We’re guessing you’ve read about the internet battle raging between Tesla CEO Elon Musk and The New York Times reporter John M. Broder. If not, a quick, hyperlinked recap: Broder writes a story on his largely unsuccessful attempt to drive a Tesla Model S from Washington, D.C. to Boston using Tesla’s network of Supercharger stations. Elon Musk tweets, “NYTimes article about Tesla range in cold is fake. Vehicle logs tell true story that he didn’t actually charge to max & took a long detour.” Broder defends. Musk attacks. Broder defends. News outlets covering everything from business to technology have picked up the story.
We feel for Broder. He is being called a liar. His defenses of his article are strong, as is Musk’s attack. Will any concrete truth come out of this he-said, he-said battle? Unlikely. But there are some further details that we would like to know.
For starters, it isn’t clear what tires were on the car. Broder says the Model S was on all-seasons, yet summer rubber was the defined spec for his test car. If the all-season tires had a larger overall diameter than the specified summer tires, the speedometer in the dash would have indicated lower speeds than the car was actually traveling, thus cutting into the range and the range modeling. (Most car speedos are off by a few mph, however.)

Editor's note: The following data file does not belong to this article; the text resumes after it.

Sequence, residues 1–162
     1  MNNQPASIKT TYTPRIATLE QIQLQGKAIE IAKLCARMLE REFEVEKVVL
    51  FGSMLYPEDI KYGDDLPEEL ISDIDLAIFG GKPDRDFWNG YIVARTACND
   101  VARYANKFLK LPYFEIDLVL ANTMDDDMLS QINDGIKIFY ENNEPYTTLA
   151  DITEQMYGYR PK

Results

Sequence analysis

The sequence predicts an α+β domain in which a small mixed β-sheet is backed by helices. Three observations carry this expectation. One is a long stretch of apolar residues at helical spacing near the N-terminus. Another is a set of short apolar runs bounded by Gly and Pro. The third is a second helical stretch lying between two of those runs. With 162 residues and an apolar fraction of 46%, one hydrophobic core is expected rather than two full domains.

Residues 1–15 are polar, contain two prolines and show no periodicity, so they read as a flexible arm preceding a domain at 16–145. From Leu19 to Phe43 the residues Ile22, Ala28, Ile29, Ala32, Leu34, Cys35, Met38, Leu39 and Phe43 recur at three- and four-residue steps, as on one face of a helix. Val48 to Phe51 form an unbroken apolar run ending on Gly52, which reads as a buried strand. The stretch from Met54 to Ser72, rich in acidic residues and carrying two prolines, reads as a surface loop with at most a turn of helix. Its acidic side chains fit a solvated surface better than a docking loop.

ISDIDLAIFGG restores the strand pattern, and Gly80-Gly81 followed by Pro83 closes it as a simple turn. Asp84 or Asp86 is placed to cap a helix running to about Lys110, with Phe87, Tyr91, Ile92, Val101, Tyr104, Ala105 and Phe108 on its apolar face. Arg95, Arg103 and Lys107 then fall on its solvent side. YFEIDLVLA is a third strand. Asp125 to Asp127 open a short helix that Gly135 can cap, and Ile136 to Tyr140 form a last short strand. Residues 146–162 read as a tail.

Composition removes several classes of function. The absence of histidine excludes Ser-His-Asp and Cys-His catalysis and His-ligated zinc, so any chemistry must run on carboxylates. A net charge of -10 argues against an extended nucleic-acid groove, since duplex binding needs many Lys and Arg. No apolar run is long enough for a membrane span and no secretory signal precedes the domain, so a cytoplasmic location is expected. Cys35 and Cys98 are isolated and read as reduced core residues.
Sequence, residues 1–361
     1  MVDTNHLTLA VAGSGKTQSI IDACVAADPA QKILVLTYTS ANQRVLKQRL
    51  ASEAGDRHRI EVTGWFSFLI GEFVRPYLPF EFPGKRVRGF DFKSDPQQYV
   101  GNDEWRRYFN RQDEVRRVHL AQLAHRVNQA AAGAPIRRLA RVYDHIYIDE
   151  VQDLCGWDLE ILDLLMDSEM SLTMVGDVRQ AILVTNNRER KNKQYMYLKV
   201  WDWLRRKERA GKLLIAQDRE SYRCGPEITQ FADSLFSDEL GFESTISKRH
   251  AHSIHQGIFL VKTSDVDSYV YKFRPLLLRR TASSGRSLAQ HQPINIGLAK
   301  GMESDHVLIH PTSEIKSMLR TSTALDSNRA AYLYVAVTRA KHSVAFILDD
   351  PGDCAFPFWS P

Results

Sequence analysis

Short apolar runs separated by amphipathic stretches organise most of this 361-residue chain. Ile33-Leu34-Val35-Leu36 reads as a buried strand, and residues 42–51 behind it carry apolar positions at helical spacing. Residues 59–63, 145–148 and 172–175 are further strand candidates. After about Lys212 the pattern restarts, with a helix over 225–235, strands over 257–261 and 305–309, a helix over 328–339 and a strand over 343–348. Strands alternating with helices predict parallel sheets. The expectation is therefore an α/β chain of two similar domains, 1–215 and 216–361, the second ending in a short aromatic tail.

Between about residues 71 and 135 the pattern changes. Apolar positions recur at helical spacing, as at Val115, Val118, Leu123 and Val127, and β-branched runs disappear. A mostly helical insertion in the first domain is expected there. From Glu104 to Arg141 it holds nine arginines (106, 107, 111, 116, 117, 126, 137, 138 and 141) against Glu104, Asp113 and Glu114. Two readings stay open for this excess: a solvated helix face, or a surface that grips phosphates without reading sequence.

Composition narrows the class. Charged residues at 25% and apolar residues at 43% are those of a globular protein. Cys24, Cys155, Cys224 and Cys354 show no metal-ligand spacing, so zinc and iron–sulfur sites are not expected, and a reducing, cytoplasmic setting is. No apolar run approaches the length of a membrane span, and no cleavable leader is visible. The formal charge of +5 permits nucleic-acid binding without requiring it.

Which brings us to our second question: What “speed” is Musk quoting? Vehicle ECUs log individual wheel speeds and driveshaft speed (the one that dictates speedometer readings), and we wouldn’t doubt it if cars log GPS-based speeds, too. Is Musk’s speed the same speed displayed in the dash during Broder’s drive?
If Musk is using GPS speed in his argument and the tire size is off, then Musk’s claims of Broder saying he was driving slower than he actually was are bogus. Or, if the tire size is significantly off, and the car was indeed going faster than indicated, Broder isn’t to blame.
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We would love to see other data charts, such as state-of-charge versus time. The raw data would be even better, as we could zoom in on specific sections of Broder’s trip and analyze how all the parameters interact with one another.
We’re intrigued, although there’s little point in speculating on every last aspect of both parties’ claims. We’ve reached out to Broder and Tesla for comment and they have yet to respond. We’ll keep you posted as details unfold.
By K.C. Colwell